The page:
Cruise concern about crime in Caribbean destinations
Florida, United States — Reports of escalating crime in the Caribbean have renewed the debate about how it affects the millions of cruise ship passengers and other tourists who visit the region each year.
Some countries in particular have experienced their share of disturbing developments and, according to an email obtained by the The Nassau Guardian, an executive with Carnival Cruise Line reportedly warned a Bahamas tourism official that Carnival was so worried about crime in Nassau, it was considering issuing crime warnings to the passengers it brought there.
In a recent interview published by The St Lucia Times, meanwhile, the president of the St Lucia Vendors Association publicly accused the minister of tourism of ignoring the island’s crime problem.
Crime in St Lucia had gotten so bad, he said, that cruise lines might consider dropping it from their itineraries, as Norwegian Cruise Line had done in the 2010-2012 season because of reported crimes against passengers.
Yahoo Travel reports that while Carnival declined comment on the Nassau Guardian story, Norwegian said in a statement: “Norwegian has been calling on St Lucia for the past several years and is scheduled to call the island this year and in 2016. As with all destinations we visit, we continuously monitor any events and may make future itinerary adjustments should the need warrant.”
In the meantime, the US State Department warned of a spike in crime in the Bahamas that had affected American visitors, adding that “an apparent two-year rise in armed robberies in The Bahamas had spurred numerous warnings by foreign governments to their citizens visiting the country.”
In August, the British and Canadian governments had raised serious concerns about the safety of their citizens in the Bahamas.
Areas of concern included armed robberies in downtown Nassau and the cruise ship docks, “snatch-and-grab” robberies, and sexual assaults. The US Embassy in Nassau said that last year at least three Americans, including a minor, were reportedly sexually assaulted by jet-ski operators on Paradise Island.
The State Department also warned that crime in St Lucia was rising, with tourists being “targeted often” for petty crime. In one unusually brazen 2013 crime, 55 passengers from the Celebrity Eclipse were robbed at gunpoint during a St Lucia excursion. No one was hurt.
The State Department has gone a step farther with Honduras, which is under a full-fledged Travel Warning, where US officials say you should “consider very carefully whether you should go to a country at all.
“The level of crime and violence in Honduras remains critically high,” says the warning. While popular Honduran cruise destinations in the Bay Islands, such as Roatan, do have lower crime rate than mainland Honduras, the State Department warned that “thefts, break-ins, assaults, and murders do occur.”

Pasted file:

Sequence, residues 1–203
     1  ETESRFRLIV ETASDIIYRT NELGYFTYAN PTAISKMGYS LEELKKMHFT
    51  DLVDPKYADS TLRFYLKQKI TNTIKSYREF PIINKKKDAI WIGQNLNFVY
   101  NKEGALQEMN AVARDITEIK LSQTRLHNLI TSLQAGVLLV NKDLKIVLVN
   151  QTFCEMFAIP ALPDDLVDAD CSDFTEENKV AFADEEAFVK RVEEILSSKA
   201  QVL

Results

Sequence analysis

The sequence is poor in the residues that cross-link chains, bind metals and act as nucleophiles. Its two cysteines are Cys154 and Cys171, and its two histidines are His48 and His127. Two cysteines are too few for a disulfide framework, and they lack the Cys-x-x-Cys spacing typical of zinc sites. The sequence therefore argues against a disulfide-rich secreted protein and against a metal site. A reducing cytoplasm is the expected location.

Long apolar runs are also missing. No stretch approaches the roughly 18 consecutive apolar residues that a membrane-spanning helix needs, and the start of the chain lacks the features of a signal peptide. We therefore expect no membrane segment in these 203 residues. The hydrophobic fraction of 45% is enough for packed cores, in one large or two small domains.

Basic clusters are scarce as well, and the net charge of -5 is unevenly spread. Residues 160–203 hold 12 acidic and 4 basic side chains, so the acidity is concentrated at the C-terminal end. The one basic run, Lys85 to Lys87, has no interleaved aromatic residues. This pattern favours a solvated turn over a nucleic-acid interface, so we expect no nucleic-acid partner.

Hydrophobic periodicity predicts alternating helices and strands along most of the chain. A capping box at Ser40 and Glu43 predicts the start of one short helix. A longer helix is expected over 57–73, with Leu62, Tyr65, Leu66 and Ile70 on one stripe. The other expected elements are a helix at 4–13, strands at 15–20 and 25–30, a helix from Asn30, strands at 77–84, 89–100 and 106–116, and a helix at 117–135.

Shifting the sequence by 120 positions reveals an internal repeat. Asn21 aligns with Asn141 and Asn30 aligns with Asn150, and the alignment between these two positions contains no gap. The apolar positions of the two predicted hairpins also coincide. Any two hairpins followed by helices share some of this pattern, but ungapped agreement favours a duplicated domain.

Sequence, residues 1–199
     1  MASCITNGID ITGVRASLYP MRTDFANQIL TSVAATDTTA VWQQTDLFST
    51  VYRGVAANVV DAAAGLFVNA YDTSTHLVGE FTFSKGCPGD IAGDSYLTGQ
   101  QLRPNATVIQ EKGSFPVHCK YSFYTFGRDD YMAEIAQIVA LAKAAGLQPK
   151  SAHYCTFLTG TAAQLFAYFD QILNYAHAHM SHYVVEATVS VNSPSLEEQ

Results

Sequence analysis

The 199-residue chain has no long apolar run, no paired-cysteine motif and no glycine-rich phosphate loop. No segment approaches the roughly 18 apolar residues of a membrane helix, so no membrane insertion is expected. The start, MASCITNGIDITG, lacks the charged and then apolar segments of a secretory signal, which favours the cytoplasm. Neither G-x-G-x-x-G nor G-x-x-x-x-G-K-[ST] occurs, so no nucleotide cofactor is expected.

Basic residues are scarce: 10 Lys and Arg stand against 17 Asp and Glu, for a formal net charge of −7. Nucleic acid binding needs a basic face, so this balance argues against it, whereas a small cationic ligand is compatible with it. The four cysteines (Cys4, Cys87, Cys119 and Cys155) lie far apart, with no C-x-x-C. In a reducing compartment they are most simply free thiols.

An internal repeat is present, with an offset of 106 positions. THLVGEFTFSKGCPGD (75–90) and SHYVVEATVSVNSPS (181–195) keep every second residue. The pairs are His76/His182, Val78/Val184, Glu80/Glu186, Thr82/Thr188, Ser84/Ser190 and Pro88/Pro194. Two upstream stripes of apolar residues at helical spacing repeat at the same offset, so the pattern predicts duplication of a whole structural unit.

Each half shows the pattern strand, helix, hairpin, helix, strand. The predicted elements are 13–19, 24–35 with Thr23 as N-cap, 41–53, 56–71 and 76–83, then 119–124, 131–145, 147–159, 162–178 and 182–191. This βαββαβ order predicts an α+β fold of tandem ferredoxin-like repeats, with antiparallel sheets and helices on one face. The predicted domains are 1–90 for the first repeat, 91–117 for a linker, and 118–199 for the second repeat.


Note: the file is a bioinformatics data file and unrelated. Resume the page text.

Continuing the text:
American maritime lawyer Jim Walker, who has represented a number of former passengers in lawsuits against the cruise industry, has warned of escalating crime in many popular Caribbean cruise stops, especially in places like the Bahamas, St Lucia, and others.
“Every week we get a call of some sort from a Caribbean island,” Walker told Yahoo Travel. “There’s been a sexual assault of a minor in a place that otherwise seemed safe. Or someone’s been robbed. Or someone’s been sexually assaulted.”
He singles out the Bahamas, which he’s named “the most dangerous cruise destination in the world” in his online publication Cruise Law News.
“If someone came to me and said, ‘I’m going [on a cruise] from Spain to Italy, or a cruise from Seattle to Ketchikan [Alaska] or I’m going to go to Nassau,’ I’d say, ‘Please, don’t go to Nassau’.” he said. “I see it as a hotspot. It’s just a place that we hear about quite quite often.”
In addition to the Bahamas, St Lucia and Roatan, Walker also pointed to destinations like Antigua, St Kitts and Guatemala as problematic for cruise ship passengers.
“I don’t think the cruise industry does a very good job of warning passengers about the realities in these ports,” he said. “Most people don’t know what they’re getting into. They think it’s better in the Bahamas. They think they’re going on a tropical getaway and they get themselves into real danger.”
Walker nevertheless admits that the vast majority of cruise passengers who visit the Caribbean do have fun, incident-free vacations.
“People are going to be able to go to any of the ports of call in the Caribbean, whether it’s Nassau or Roatan or the US Virgin Islands or St Thomas, and chances are you’re not going to be killed or robbed or anything,” Walker said.
In fact, while Nassau has a relatively high murder overall murder rate — 30 per 100,000 people (the US homicide rate is around five per 100,000 people) — it is comparable to or better than a few US cities, including Miami and Baltimore, the home ports of numerous Caribbean-bound cruises, according to Yahoo Travel.
Walker also concedes that while he personally would tell people to avoid Nassau, there are some Caribbean locations that he likes.
“I wouldn’t write off all of the Caribbean,” he said. “But I would be very selective and I would certainly make a point of not just reading the cruise ship advertisements or the tourism images and really read about where I want to go.”
“I’m aware that most people are going to have a good time [on their Caribbean cruises],” Walker said. “I’ve just met too many people who haven’t.”